The ECOA, as currently enacted makes it unlawful for creditors to discriminate against an applicant in any aspect of a credit transaction on the basis of “race,” color, religion, national origin, marital status, sex, age, and other specified bases. Adding “race” back into the process only heightens the possibility of discrimination and clearly violates the spirit of the law. As more and more people move to the internet to conduct their financial transactions, “racial” discrimination in financial services has become even less of an issue. Further, the proliferation of electronic banking has considerably minimized the possibility of “racial” discrimination. If a financial institution’s employees can’t see you and you don’t volunteer your “race,” color, religion or national origin, how can they discriminate against you based on those factors? The same argument applies to applications completed by mail, fax or over the phone. Each year, more and more people are using those routes rather than visiting their local bank, lessening the prospect of “racial” discrimination.

This proposal, which would eliminate the prohibition on the voluntary collection of “racial” information by financial institutions could also create some serious side effects. Specifically, the possibility of misuse of this voluntarily collected data is enormous. Lawsuits, filed by organizations falsely alleging “racism” with the sole purpose of creating big settlements for their members or clients are of considerable concern. These lawsuits could easily exacerbate serious “racial” tensions in communities already struggling to cope with the changing demographics resulting from the Loving v. Virginia decision among other factors. The backlash from these lawsuits would be directed at those perceived to be responsible in those communities, which would include our constituencies, a most unsettling prospect.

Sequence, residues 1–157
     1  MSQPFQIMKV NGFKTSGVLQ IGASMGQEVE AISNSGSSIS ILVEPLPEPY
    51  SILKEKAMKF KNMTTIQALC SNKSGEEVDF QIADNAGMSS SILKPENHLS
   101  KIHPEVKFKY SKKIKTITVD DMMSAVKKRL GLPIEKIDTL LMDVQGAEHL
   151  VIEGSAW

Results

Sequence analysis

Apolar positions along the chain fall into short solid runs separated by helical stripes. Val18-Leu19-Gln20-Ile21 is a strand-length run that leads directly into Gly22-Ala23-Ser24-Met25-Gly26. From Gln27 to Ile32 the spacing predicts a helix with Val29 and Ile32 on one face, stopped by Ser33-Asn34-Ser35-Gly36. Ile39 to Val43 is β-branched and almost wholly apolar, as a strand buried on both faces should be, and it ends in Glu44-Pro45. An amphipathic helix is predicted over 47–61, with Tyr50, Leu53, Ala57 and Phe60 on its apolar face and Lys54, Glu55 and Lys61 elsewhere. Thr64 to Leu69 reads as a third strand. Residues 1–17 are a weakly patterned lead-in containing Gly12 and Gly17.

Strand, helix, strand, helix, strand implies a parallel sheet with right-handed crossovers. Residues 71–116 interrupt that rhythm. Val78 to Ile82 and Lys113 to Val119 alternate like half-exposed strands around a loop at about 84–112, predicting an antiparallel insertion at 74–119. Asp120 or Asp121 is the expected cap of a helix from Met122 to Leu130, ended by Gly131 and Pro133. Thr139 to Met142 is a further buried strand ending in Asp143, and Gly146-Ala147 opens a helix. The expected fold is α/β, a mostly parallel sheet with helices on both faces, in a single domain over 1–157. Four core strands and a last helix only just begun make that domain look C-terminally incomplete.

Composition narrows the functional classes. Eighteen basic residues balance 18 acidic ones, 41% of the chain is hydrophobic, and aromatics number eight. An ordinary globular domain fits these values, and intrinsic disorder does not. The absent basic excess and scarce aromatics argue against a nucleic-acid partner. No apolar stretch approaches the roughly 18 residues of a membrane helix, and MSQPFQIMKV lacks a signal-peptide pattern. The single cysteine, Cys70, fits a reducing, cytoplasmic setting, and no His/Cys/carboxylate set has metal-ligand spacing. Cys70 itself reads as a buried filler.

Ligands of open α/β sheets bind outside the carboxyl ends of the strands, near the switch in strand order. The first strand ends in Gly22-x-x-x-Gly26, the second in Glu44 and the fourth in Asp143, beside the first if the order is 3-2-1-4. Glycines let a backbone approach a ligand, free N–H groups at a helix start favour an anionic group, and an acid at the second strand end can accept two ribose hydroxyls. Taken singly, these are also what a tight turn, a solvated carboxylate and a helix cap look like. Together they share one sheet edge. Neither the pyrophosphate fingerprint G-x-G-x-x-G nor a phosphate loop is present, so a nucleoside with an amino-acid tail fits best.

We, as representatives of constituencies this proposal is designed to protect, urge you not to implement it. The drawbacks of this proposal far outweigh the benefits. It’s time to move on from the box-checking that has divided our nation for far too long.

We thank you for your consideration of our views on this proposal. Any questions may be directed to Ward Connerly at 916-444-2278 or James Landrith at 760-875-8547.

Respectfully yours,

Ward Connerly
American Civil Rights Institute

James Landrith
Editor & Publisher,
The Multiracial Activist
and The Abolitionist Examiner